Monday, 4th December 2023

Researchers identify spicy cures for painful joints

By Chukwuma Muanya
27 July 2023   |   4:09 am
To treat rheumatic disease (RD) and improve patients’ disease status, researchers have explored the role of herbs and spices as adjuvant methods.

The turmeric powder

• Cinnamon, garlic, saffron, ginger, turmeric top list
• High beer consumption worsens cartilage degeneration in osteoarthritis

To treat rheumatic disease (RD) and improve patients’ disease status, researchers have explored the role of herbs and spices as adjuvant methods.

Despite advancements in the pharmacological treatment of RD in recent years, most patients do not achieve complete remission with currently available treatments. As a result, patients often seek adjuvant therapy, including dietary interventions, to improve their quality of life.

In a recent review published in Nutrients, researchers note that herbs and spices serve a prominent role in nutritional habits and medicinal purposes. Thus there is growing interest in dietary intervention with herbs and spices in the management of immune-mediated diseases, including RDs.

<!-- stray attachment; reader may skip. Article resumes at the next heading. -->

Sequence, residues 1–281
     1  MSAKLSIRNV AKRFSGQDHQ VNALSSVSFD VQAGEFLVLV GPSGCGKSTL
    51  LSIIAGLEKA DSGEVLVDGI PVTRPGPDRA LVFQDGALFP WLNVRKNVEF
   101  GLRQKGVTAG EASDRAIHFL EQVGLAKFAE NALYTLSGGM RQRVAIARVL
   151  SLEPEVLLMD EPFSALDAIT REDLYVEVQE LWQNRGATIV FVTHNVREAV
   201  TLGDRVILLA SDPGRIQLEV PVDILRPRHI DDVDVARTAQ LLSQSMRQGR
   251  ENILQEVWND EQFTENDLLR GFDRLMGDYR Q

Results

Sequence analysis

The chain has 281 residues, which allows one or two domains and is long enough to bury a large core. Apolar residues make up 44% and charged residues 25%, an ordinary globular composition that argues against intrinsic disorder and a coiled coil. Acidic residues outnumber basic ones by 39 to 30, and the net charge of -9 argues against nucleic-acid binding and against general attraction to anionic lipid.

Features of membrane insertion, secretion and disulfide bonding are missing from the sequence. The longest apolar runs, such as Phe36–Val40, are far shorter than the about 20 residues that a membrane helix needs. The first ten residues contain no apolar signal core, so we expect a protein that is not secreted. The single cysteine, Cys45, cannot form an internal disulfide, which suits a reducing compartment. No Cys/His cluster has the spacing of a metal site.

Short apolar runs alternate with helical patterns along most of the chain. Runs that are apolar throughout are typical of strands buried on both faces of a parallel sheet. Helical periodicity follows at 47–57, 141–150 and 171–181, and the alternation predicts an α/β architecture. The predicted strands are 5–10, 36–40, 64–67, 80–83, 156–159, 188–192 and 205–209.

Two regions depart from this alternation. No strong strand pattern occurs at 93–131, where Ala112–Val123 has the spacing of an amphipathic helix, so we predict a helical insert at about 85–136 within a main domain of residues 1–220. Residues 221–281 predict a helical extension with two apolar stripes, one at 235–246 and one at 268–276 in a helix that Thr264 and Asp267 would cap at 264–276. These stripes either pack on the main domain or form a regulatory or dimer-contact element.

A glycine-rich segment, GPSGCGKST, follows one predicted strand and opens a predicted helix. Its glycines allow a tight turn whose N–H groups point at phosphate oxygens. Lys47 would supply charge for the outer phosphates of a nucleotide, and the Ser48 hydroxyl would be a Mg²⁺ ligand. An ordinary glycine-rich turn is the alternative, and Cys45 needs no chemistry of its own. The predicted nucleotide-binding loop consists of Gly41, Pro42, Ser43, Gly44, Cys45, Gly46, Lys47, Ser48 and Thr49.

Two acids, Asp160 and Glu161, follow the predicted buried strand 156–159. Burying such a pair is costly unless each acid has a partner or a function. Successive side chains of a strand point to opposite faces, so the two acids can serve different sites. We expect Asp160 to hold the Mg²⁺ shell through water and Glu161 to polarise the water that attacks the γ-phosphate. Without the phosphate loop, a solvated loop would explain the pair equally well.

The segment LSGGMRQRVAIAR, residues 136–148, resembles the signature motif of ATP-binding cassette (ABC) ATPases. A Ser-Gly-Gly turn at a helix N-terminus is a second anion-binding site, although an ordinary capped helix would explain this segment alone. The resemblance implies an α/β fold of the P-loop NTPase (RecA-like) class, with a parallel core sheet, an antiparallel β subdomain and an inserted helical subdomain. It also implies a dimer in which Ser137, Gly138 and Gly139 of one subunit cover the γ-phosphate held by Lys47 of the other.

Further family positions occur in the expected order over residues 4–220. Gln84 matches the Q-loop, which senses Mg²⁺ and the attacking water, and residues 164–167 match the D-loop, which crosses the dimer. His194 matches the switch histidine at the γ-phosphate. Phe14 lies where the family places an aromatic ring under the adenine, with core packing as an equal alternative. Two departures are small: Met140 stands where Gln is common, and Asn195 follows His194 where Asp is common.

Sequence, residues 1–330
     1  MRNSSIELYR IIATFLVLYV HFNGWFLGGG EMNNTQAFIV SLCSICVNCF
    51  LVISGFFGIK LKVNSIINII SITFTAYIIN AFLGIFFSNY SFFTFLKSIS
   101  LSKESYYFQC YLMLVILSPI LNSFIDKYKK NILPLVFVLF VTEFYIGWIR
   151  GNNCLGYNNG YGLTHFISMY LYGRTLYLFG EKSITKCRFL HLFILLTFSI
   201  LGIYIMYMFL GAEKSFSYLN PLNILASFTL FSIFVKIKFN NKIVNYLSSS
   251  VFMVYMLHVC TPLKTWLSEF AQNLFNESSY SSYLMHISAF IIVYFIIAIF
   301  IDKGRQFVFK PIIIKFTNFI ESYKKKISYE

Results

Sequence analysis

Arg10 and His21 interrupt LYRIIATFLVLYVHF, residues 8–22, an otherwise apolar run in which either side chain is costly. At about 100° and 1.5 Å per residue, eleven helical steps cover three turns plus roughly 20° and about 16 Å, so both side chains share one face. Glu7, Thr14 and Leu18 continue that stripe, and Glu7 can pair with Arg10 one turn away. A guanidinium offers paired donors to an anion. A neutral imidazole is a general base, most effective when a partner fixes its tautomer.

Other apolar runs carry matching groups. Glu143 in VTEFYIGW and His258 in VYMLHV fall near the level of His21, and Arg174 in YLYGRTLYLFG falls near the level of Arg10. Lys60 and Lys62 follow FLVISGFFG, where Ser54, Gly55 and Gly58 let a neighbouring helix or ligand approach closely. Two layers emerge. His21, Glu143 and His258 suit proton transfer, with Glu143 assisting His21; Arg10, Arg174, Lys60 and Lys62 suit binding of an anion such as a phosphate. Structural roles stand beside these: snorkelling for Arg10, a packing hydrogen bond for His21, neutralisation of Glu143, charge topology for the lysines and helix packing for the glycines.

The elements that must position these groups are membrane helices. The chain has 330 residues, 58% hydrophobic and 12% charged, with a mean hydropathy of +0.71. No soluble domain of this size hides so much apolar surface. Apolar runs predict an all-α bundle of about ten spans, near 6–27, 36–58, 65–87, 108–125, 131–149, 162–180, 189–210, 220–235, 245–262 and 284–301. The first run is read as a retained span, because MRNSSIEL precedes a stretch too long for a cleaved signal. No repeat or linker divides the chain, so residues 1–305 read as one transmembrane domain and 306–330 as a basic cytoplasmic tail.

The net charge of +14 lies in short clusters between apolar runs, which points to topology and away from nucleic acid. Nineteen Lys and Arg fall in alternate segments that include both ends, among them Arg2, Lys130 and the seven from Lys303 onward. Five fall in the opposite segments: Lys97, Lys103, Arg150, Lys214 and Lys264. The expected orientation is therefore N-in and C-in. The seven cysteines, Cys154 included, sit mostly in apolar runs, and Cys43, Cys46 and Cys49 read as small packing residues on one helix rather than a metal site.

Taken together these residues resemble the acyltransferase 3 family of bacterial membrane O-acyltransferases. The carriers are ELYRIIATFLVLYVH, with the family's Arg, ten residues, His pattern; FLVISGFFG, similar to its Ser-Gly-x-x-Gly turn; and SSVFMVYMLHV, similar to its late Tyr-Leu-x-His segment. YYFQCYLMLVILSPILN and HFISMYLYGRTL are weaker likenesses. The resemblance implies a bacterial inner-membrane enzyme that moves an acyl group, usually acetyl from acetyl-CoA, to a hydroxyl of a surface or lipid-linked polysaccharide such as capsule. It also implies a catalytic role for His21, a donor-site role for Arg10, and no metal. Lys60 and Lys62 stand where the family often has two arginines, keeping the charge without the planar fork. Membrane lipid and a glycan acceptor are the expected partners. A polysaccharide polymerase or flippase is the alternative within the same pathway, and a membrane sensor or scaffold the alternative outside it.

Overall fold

Most herbs and spices are abundant sources of vitamins, alkaloids, antioxidants, and noted for their remarkable anti-inflammatory and anticarcinogenic properties. The current study discusses widely-used spices/herbs in RDs, including cinnamon, garlic, saffron, ginger, and turmeric. In addition, the study’s findings provide important insights into gut microbiota and the effect of herbs and spices on rheumatoid arthritis (RA), fibromyalgia (FM), and osteoarthritis.

The progression of RDs is dependent on a combination of genetic, environmental, hormonal, and lifestyle factors. Inflammation and tissue damage are commonly observed due to the infiltration of leukocytes and proinflammatory cytokines released in affected organs.

Several studies suggest that the development of RDs like RA is due to a multifactorial pathophysiological mechanism. RA is an autoimmune and inflammatory disease characterized by autoantibodies, which are collectively described as the rheumatoid factor (RF).

Previous research shows that an imbalance in gut microbiota caused by chronic inflammation can induce RA disease progression. Numerous findings advocate that Mediterranean, vegetarian, and vegan diets help reduce pain in RA patients as compared to other diets.

In osteoarthritis (OA), tumor necrosis factor (TNF) and interleukin1β (IL-1β) promote erosion of the articular cartilage matrix. The gut microbiota also appears to be involved in the modulation of inflammation-mediated diseases like OA.